There is a lot of talk these days about dog training. So, what is training? Here’s a part of my personal story, and I’ll show you how this relates to your dog.

A few years back, my feet started hurting. It got to the point that by the end of 2015, I was having trouble walking. My hands hurt, ankles hurt, hips hurt, wrists hurt… and my feet hurt. I knew something was wrong, beyond the normal pain I would get from miles and miles of wilderness hiking. I wasn’t recovering any more. I started having trouble working, as well. I would go to appointments and try to sit as much as possible. I did the work even though I was in serious pain.

So, I went to a podiatrist. I had always been healthy, not going to a doctor since I was a teenager, it was a new experience with the health care world. After an exam and x-rays, he said my second metatarsals in both feet were riddled with microfractures. Rented a bone stimulator, like a tens unit, which healed the bones, but the pain didn’t go away. I then went to my doctor, and the blood work revealed I had developed rheumatoid arthritis. Probably triggered from the stress of my failed marriage, according to my doctor. Had my 5 minute pity party as I drove away… I knew I couldn’t dwell on what I had just found out and go on. Prayed about it, asked others to pray about it, as well. That didn’t mean I wasn’t scared. I had read what might happen after that appointment, and for the first time in my life, I would wake up in the middle of the night in fear. Not fun.

I’m not a quitter, so I got to work. I started reading everything I could find. I began specific physical therapy 3 times a week at Evo Ultrafit (thank you, Jay Schroeder), began to take prescription drugs, and supplements. Monday, Wednesday and Friday, I started going into the gym to do an extremely hard workout. A proper hard workout tells your body, “hey, you need to fix yourself.” Every morning, and before bed, I started taking a medley of anti-inflammatory supplements. I watched what I ate. I watched how much sleep I got. I worked out at home on most of my off days. I worked to have a positive mental attitude. I’ve become regimented. I don’t want to end up in a wheel chair.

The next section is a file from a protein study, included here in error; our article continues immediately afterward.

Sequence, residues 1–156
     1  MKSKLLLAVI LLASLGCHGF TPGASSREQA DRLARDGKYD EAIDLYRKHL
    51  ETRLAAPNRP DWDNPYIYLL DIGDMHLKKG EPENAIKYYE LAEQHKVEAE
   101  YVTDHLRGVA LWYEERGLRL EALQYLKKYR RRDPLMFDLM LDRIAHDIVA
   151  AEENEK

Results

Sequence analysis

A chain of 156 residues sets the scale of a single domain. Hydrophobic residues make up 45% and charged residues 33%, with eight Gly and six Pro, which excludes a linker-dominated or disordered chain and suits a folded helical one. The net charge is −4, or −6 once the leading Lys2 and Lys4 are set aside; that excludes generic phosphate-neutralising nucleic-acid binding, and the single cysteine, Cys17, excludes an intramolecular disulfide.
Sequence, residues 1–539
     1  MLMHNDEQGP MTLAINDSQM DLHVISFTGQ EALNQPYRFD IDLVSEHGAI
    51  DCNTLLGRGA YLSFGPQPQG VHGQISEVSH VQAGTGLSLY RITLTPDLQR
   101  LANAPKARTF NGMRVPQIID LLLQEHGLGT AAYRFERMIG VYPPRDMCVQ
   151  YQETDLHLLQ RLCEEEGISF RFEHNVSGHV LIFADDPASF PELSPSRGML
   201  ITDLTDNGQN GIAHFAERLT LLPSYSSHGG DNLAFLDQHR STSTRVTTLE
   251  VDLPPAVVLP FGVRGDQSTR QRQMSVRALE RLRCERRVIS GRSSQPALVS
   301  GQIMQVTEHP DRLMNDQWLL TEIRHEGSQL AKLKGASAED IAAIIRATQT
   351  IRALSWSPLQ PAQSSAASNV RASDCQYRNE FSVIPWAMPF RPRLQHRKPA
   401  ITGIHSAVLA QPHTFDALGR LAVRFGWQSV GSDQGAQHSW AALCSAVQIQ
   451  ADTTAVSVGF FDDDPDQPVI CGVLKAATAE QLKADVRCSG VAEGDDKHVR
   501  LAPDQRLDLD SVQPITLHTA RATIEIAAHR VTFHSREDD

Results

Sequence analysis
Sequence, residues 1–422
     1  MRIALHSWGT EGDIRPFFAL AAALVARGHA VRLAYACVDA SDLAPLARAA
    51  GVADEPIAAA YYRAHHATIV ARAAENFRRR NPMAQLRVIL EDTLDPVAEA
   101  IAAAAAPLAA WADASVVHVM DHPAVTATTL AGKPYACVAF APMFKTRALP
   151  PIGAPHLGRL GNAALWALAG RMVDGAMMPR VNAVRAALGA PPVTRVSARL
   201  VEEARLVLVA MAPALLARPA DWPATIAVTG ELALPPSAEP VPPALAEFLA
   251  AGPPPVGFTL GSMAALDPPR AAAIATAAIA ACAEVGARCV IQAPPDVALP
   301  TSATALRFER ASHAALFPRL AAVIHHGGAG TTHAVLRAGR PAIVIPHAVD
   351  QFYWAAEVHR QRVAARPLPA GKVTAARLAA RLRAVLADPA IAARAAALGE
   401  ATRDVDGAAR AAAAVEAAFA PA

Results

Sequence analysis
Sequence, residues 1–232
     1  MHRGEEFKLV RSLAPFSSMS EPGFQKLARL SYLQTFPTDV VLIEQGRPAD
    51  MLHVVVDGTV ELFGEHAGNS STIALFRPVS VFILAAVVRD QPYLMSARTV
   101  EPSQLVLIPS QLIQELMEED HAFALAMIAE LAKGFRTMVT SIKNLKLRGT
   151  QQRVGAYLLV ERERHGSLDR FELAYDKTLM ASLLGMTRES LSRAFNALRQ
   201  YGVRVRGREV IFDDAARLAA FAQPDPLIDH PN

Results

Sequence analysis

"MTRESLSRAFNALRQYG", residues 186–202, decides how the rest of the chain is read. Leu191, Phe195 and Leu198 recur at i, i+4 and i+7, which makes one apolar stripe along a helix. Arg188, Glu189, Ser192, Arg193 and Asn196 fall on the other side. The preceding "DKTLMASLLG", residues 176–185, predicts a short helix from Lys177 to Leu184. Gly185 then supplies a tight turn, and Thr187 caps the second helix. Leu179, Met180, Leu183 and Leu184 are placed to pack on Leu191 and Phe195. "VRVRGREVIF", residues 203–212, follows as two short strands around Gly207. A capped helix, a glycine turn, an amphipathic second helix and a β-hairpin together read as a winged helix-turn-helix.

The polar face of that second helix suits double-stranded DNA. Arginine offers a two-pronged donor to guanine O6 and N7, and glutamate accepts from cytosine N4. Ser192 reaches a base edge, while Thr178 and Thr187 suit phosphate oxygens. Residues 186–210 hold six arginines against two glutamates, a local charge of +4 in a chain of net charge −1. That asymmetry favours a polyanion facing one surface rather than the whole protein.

I could only work half days that first year. Tired, stressed, in pain. I tried hiking, but it hurt too much. I had a hard time sleeping, tossing and turning in pain. I developed an irregular heart beat. I developed eczema. My blood pressure was through the roof. I had to work through all of that. I had to start to TRAIN through all of that. I had to use what I knew about training and stress reduction in dogs and apply it to myself.

I was in less pain, but still had trouble walking the second year. My doctor told me he didn’t want me hiking. I haven’t hiked in a year. I’m on a minimal drug plan, at my request. The doctor says I’m one of his most compliant patients, so I do all I’m supposed to do: diet, exercise, drugs, supplements, rest, etc.

I’m now into almost my third year. I’ve driven the blood factors down low. At my last appointment, my rheumatologist said I might be in remission… either because I’m “lucky”, or because I’m “doing a really good job” of taking care of myself. I think it is the latter. Remission is quite rare. We might start weaning off the drug later this year if the blood work keeps coming back as normal. Yet, my feet still hurt, possibly because of earlier damage. I’m still working on that daily.

Thus, I have been in training to make myself well for 3 years. Daily, hourly. Disciplined. Focused. Working.

So, what does this have to do with dog training? Plenty. If you set a goal, that you want your dog trained, then you either get in there and do it, with full commitment, or you will never have the kind of trained dog that you said you wanted. It takes time, effort, a plan, a goal, and so forth. You have to teach skills, and you have to minimize stress and fear.

I know how to train, so I do it to myself every day. I show my students how to train, because a lot of people need a coach along the way. I have my coaches… friends, prayer warriors in my family, doctors, physical therapist, and so on. It is a team effort either way. So, when you think of training, it isn’t some pet store class. It is training. All in, full effort, and then you’ll see amazing results out of yourself and your dog. I’ll be right there alongside you to help you get there.

Intro Video